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THE HAIBUN GALLERY: 22nd December — a Thursday feature

Hosts: Reid Hepworth and Shalini Pattabiraman Keith Polette is the MENTOR for THE HAIBUN GALLERY from 16 December 2022. Thank you, Keith

22nd December 2022

Today we bring you week 4 of the series featuring Terri L. French. If you haven't figured out a pattern for my choices for the month of December, I will spell it out - all but one of the haibun chosen feature children. This is because I happen to think children are just about the coolest people on the planet. And as we near so many winter celebrations (Hanukkah, Winter Solstice, Christmas, Kwanza, New Years, etc.), it seemed fitting.

Terri L. French

Mishaps and Marbles

My little sister, Betty Ann, is a six-year-old accident just waiting to happen –and she happens a lot. She spills milk most every morning when she’s trying to pour it over her Cheerios. I offer to help, but of course she can do it by herself. And she does, all over the table and running onto the floor. The cat just stands under her chair ‘cuz’ he knows it's only a matter of time.

Last week, I found the snow globe I got for Christmas in a million pieces on my bedroom floor, little bits of fake snow and pieces of glass strewn from here to tarnation. I managed to save the little dog that looked like Mud and the boy pulling the tiny sled. I’d caught Betty Ann shaking it before, and I told her if she ever broke it, I’d shake her head ‘til her eyes fell out. I told her the cat would bat her eyeballs around the floor like marbles and she’d stumble around like Mamaw B without her spectacles.

I know that was ugly and it made her cry, but she went and shook it again, anyway. I really wanted to shake her head like I threatened. If her eyeballs did fall out, I could always claim it was an accident.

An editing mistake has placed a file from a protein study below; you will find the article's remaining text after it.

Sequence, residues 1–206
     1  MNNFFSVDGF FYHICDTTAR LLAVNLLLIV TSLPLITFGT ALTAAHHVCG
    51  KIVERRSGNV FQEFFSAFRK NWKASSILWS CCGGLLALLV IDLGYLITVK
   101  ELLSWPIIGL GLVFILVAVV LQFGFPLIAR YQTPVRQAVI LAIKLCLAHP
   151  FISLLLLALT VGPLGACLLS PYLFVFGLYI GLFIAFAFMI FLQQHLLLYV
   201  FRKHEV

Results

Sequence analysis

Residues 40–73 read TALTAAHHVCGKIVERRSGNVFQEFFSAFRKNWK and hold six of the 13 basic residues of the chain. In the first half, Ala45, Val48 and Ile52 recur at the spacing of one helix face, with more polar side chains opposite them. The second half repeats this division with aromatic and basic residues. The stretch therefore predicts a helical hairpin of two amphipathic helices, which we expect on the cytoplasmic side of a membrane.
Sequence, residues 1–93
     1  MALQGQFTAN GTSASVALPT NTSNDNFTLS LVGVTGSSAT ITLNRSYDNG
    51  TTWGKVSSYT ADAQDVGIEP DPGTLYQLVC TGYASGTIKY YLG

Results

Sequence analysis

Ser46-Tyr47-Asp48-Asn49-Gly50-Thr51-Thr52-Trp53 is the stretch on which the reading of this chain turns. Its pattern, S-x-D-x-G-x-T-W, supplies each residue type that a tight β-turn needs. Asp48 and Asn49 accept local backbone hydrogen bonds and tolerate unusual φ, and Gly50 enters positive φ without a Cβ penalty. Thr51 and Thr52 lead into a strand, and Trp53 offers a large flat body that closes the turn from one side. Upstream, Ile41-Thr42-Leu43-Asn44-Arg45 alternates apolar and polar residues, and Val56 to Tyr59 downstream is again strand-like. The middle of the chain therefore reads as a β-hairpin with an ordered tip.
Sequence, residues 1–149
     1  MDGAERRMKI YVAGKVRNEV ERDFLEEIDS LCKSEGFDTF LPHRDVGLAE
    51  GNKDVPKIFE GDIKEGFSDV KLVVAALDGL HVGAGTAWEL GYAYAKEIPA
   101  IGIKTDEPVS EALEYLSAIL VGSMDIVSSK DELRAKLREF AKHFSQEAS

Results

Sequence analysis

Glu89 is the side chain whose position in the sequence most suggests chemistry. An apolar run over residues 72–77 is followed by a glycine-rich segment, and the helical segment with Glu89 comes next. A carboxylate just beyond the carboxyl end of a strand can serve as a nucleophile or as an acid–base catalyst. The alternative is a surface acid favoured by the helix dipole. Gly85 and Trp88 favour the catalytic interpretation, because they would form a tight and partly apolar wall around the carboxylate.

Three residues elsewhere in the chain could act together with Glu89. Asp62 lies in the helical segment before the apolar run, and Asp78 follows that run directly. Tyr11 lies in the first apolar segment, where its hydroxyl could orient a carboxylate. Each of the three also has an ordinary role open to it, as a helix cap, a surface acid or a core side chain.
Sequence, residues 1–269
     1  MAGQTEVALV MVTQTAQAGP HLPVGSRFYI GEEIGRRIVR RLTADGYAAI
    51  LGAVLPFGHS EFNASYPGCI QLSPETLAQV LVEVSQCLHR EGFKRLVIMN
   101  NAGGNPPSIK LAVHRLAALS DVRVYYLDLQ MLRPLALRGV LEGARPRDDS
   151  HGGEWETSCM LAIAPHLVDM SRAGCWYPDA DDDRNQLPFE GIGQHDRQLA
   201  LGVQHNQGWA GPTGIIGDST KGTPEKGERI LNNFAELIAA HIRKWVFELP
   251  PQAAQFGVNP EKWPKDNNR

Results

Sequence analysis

away in a manger

the baby Jesus wrapped

in yesterday’s news


Keepers a book of haibun

R: As the younger sibling in my family, I can’t imagine doing anything that would set my older brother on edge. Smile. I say that in jest, as I know that I was in pain in the backside more than once. And I do remember one childhood friend, whose older brother nailed her dolls to the top of the basement staircase and threw darts at them until they were unrecognisable. It's a sibling thing. It's what makes the world an interesting place and what makes families family. We sometimes torment one another, sometimes look out for each other, sometimes give each other the space to test our wings and fly.

From the first line of prose, Terri opens the porthole, preparing us for the gift that is Betty Ann. She then takes us on a tour of sibling dynamics. “...she happens a lot”...”but of course she can do it by herself”. The humour laced with frustration, the tenderness mixed with anger. And then she pulls us in, to the child in a manger, wrapped in yesterday’s news. What an image! Celebrations have come and gone, that little child in a manger, wrapped up for another year.

Tied with a nice bow, the title, the prose and the ku. Such a gift.

Terri’s thoughts about Mishaps and Marbles:

The poor kid, he really does try hard to be a good boy! Many of us have dealt with younger siblings who find a way to tap dance on our last nerve. I had a fascination with snow globes as a kid—still do—and I can see why this one was dear to JT’s heart with the likeness of he and his dog, Mud, encapsulated inside. But Betty Ann just couldn’t keep her sticky paws off of it. Can’t blame him for wanting to throttle her a bit. The haiku, again, brings in the religious element. The image of baby Jesus in yesterday’s news, put away until next Christmas. Peace on Earth, Good Will to Men (and kids) for a while anyway. . .ya just can’t be holy all the time.


For this week's prompt, we ask you to delve into the time capsule of your life and pull out a nugget that you feel comfortable sharing and bringing into the light. Think about a favourite gift you received, your biggest disappointment (mine was Sea Monkeys) or just let your imagination run and see where it takes you. Have fun!


1. Only two haibun per poet per prompt.

2. Share your best-polished pieces.

3. Please do not post something in a hurry or something you have just written. Let it simmer for a while.

4. When poets give suggestions and if you agree to them - post your final edited version on top of your original version.

5. Don't forget to give feedback on others' poems.

We are delighted to open the comment thread for you to share your unpublished haibun (within 300 words) to be considered for inclusion in the haikuKATHA monthly journal.


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